The 5th edition of the Manufacturing Indaba will be hosted at the Sandton Convention Centre in Johannesburg on the 19th and 20th of June 2018, and will take place with the joint support and strategic partnership of the Department of Trade and Industry (the dti) and the Manufacturing Circle, a corporate association of manufacturers.
It is acknowledged that a country’s sustainable economic development is led by manufacturing with essential linkages to the upstream production sectors of the economy such as mining and agriculture, as well as the downstream sectors including services, which ultimately contribute overall to strengthening integrated value chains within industry.
Certain manufacturing sectors have high employment multipliers with areas such as technology, innovation, research and development enhanced through manufacturing. Likewise, manufacturing supports and enables the growth of national skills capacity and capabilities, and the movement towards a knowledge economy. So far, the structural transformation that shifts productive resources from agriculture and mining to manufacturing which has helped many countries achieve greater prosperity, has bypassed most African countries.
At the State of the Nation Address 2018 (SONA) President Ramaphosa specified that it is necessary to address the decline of South Africa’s manufacturing capacity which has considerably affected employment and exports. He also confirmed that government plans to promote greater investment in key manufacturing sectors through the strategic use of incentives such as creating a localisation programme which will ensure that products like textile, clothing, furniture, rail rolling stock and water meters are designated for local procurement.
Manufacturing Indaba 2018 intends to cover these aspects and other topics of pertinent interest to the growth of the manufacturing sector. In 2017 African leaders adopted the Agenda 2063: The Africa We Want which envisaged a prosperous Africa based on inclusive growth and sustainable development with the structural transformation of African economies towards achieving this shared growth, jobs and economic opportunities on the continent. However, this vision is hampered by an African manufacturing sector that requires extensive reform; the need for a manufacturing renaissance, with more local value-addition that would create better-paid jobs improving resilience to economic shocks, with less dependence on natural resource exports.
Despite increasing Foreign Direct Investment (FDI) in African manufacturing and an overall increase in manufacturing, Africa’s share of GDP has remained subdued and investment in infrastructure remains nominal. African producers still struggle to meet the regulatory requirements and standards required for health, safety and the environment, and this continues to hamper African producers from entering new markets.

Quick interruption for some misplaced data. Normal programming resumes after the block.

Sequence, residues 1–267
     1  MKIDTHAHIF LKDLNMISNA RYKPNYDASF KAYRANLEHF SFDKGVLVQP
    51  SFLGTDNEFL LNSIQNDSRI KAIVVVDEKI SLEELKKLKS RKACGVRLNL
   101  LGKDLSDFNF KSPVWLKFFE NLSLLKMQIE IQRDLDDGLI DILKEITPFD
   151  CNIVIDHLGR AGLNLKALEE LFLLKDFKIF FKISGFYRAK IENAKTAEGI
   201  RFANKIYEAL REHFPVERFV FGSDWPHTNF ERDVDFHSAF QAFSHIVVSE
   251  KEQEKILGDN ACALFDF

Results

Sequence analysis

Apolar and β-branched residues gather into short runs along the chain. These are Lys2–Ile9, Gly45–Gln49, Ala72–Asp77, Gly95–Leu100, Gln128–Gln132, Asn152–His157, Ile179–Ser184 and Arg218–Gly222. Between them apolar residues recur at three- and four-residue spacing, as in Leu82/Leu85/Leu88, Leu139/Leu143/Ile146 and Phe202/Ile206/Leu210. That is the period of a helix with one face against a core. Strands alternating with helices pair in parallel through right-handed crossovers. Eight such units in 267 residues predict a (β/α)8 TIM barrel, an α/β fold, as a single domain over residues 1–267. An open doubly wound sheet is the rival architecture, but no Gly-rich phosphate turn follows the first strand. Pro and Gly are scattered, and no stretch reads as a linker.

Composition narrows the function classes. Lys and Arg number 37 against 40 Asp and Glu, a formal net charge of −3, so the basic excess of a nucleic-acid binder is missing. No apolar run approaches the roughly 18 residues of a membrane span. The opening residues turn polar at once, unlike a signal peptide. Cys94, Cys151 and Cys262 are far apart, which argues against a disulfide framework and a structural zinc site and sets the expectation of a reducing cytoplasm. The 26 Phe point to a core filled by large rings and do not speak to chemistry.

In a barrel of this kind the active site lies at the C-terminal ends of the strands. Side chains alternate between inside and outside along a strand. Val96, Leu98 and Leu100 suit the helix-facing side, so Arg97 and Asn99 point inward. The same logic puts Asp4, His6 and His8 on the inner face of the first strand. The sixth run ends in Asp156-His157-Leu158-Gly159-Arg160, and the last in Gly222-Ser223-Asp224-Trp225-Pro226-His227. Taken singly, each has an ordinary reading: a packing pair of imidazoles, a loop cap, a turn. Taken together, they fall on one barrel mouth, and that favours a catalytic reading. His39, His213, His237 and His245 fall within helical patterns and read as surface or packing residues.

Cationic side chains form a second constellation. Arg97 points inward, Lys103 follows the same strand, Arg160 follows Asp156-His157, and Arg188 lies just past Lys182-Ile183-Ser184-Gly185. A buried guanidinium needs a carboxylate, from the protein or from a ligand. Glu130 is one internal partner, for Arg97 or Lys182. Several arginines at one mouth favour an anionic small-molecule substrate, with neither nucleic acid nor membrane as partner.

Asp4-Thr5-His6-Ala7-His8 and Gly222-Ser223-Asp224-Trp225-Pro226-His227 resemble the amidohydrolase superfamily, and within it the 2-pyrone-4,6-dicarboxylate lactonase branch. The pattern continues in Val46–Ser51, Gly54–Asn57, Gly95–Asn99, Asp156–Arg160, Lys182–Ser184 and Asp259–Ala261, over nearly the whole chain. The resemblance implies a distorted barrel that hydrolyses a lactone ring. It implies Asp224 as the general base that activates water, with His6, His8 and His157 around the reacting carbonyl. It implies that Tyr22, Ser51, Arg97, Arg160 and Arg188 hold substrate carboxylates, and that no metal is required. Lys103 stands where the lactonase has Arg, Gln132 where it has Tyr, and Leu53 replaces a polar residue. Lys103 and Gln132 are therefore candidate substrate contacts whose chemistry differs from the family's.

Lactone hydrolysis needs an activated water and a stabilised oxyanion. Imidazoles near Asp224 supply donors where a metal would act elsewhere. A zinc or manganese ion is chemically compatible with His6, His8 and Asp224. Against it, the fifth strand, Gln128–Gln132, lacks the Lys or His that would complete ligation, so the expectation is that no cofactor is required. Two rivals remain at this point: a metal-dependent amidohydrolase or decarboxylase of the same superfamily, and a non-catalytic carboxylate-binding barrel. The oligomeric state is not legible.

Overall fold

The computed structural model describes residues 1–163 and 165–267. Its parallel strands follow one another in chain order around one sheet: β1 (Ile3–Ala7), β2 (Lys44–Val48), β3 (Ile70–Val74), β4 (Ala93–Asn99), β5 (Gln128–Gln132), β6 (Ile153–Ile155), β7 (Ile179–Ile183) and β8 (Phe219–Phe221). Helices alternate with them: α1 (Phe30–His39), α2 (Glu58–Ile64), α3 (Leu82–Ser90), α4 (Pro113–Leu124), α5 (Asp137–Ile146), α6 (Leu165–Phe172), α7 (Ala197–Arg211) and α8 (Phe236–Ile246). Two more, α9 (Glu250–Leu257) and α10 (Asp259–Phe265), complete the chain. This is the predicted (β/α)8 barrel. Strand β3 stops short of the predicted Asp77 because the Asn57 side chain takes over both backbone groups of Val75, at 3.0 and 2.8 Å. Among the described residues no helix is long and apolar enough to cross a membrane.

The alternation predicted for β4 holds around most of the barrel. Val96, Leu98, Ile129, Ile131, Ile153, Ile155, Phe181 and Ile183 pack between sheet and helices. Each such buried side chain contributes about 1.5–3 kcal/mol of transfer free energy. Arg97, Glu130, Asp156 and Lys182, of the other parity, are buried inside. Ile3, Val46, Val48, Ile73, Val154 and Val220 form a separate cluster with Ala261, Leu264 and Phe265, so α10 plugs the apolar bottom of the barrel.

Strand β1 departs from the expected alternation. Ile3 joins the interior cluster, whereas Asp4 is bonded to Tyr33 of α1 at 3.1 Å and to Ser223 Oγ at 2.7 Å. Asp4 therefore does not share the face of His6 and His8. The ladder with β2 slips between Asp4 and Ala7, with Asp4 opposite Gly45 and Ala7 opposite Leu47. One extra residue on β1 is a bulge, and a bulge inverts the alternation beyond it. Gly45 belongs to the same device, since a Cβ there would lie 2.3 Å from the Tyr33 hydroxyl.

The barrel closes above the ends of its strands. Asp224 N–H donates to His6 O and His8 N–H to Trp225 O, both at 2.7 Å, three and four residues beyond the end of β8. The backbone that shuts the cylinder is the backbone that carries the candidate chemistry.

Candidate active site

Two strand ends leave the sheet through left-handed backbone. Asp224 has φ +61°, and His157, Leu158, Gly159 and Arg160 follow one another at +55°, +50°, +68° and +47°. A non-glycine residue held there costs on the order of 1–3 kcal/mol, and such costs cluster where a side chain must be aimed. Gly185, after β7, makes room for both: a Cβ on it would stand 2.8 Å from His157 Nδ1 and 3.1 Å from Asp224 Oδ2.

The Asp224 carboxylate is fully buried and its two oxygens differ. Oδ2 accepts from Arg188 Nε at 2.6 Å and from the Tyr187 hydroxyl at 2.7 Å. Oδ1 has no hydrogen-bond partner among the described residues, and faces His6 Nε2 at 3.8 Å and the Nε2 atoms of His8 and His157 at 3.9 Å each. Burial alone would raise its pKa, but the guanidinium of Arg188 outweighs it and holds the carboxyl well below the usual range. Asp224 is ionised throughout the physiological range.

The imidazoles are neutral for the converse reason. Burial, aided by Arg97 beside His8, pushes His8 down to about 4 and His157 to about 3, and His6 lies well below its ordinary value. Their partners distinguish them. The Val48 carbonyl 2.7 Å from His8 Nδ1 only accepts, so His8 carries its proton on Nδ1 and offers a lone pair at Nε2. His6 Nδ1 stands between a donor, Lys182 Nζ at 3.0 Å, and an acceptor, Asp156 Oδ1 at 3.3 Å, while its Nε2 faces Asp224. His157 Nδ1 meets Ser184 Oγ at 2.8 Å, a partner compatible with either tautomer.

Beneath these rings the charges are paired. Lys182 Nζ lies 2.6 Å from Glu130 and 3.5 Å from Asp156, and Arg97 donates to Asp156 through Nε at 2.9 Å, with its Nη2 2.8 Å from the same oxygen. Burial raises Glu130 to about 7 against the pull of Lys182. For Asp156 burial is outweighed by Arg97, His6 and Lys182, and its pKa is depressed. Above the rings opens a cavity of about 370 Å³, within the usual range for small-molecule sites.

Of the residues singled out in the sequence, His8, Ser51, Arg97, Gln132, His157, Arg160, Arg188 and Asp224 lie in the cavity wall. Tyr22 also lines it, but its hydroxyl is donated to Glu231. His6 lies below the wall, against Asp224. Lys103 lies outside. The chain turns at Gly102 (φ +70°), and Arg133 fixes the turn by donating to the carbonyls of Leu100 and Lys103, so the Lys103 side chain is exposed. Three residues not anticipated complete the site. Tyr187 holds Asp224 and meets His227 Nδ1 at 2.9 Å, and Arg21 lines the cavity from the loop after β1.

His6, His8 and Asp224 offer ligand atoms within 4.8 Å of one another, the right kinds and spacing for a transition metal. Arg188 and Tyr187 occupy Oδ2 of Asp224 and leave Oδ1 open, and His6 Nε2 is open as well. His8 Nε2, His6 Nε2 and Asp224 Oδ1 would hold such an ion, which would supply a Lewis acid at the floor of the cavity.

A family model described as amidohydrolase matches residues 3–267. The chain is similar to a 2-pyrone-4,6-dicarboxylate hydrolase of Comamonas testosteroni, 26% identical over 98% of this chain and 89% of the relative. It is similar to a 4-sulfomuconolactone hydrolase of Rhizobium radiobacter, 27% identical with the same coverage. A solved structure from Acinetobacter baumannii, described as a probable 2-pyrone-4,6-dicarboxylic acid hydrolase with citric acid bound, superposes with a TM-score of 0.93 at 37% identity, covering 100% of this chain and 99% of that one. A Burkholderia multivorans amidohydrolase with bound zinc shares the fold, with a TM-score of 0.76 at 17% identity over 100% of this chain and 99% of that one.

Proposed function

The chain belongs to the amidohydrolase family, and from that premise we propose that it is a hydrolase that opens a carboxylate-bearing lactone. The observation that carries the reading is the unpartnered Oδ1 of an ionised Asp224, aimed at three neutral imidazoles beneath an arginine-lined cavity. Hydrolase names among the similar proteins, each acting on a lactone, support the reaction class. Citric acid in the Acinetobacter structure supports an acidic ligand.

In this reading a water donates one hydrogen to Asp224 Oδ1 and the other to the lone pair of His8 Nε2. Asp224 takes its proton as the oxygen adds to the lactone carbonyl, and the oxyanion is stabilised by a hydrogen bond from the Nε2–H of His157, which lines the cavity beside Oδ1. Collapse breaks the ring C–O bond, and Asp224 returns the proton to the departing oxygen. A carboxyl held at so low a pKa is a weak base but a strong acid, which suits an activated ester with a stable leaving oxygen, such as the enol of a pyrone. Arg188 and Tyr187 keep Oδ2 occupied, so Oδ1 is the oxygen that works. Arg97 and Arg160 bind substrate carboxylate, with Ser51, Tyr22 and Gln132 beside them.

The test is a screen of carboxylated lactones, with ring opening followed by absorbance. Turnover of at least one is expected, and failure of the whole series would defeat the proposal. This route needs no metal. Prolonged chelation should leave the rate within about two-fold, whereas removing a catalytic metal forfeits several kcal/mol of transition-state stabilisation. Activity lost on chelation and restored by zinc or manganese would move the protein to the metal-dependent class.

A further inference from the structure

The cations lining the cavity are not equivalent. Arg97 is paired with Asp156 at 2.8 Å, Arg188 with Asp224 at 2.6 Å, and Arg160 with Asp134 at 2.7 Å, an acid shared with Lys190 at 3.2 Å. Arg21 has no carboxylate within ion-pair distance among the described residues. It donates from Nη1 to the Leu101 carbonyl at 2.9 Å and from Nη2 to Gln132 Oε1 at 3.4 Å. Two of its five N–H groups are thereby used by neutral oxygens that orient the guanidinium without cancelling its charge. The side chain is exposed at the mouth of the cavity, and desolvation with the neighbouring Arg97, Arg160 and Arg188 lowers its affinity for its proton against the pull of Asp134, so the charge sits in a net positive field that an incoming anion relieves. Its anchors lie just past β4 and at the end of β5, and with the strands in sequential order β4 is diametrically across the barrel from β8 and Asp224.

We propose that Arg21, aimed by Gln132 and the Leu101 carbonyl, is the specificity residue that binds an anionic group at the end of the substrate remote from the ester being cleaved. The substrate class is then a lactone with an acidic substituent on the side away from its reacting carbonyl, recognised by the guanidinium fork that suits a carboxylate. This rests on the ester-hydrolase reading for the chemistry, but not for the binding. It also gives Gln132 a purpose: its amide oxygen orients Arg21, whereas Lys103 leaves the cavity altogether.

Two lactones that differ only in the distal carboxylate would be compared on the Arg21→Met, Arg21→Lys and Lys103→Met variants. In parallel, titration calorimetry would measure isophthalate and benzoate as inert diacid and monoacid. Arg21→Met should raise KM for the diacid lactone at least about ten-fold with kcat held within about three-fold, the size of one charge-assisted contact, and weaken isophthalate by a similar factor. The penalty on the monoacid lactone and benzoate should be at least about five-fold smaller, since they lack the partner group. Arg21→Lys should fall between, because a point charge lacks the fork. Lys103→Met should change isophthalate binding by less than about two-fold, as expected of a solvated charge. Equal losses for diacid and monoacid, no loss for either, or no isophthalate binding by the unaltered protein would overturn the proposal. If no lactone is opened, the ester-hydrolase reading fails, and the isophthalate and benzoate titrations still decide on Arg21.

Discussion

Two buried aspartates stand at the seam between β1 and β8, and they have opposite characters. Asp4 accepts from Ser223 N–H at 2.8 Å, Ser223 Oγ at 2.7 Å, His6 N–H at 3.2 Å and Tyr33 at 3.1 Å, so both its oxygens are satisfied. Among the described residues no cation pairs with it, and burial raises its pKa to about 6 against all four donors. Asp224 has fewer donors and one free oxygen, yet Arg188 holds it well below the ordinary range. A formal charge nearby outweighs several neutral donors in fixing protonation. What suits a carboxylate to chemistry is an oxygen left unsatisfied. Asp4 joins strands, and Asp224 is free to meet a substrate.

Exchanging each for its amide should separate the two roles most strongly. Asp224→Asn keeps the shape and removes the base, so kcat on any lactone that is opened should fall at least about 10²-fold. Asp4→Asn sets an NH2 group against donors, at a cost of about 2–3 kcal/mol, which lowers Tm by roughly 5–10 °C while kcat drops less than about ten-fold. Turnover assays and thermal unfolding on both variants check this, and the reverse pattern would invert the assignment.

Improvements in the African business environment as measured by the World Bank’s Doing Business Report is clearly apparent, as in several countries on the continent it is indicated that there is a need to enhance global competitiveness, institutions, infrastructure, human capital and technology. Indicators such as political stability, governance effectiveness, rule of law and regulatory quality are essential prerequisites to developing a sustainable manufacturing sector. In alluding to African renaissance in this instance, African countries need to avail themselves of available international support. An example is theEnhanced Integrated Framework for the LDCs (Least Developed Countries) which contributes to enhancing trade and investment-related institutional capacities, however political will and the ability to leverage the existing support is required to encourage this backing.
Improving infrastructure is an absolute essential where according to the World Bank and the African Development Bank, only 34% of the continent have access to paved roads, 7% of available cultivated land is irrigated and Africans pay 100% more in transport costs than other developing regions. It is estimated that $93 billion is needed to finance Africa’s annual infrastructure needs, and currently the continent only receives $45 billion (half of which is from the public sector).
Investment in human capital particularly in higher education and training could enable African countries to excel in manufacturing production. Technology is a key driver of competitiveness, though African countries spend less than 0.4% of their GDP on research and development compared with the global average of 1.7%. Infrastructure, human capital and technology along with much-needed political will, can drive a manufacturing-led renaissance and substantial economic growth in Africa. Hence, Manufacturing Indaba 2018 anticipates unpacking the multiple micro and macro benefits associated with an African Manufacturing Revival.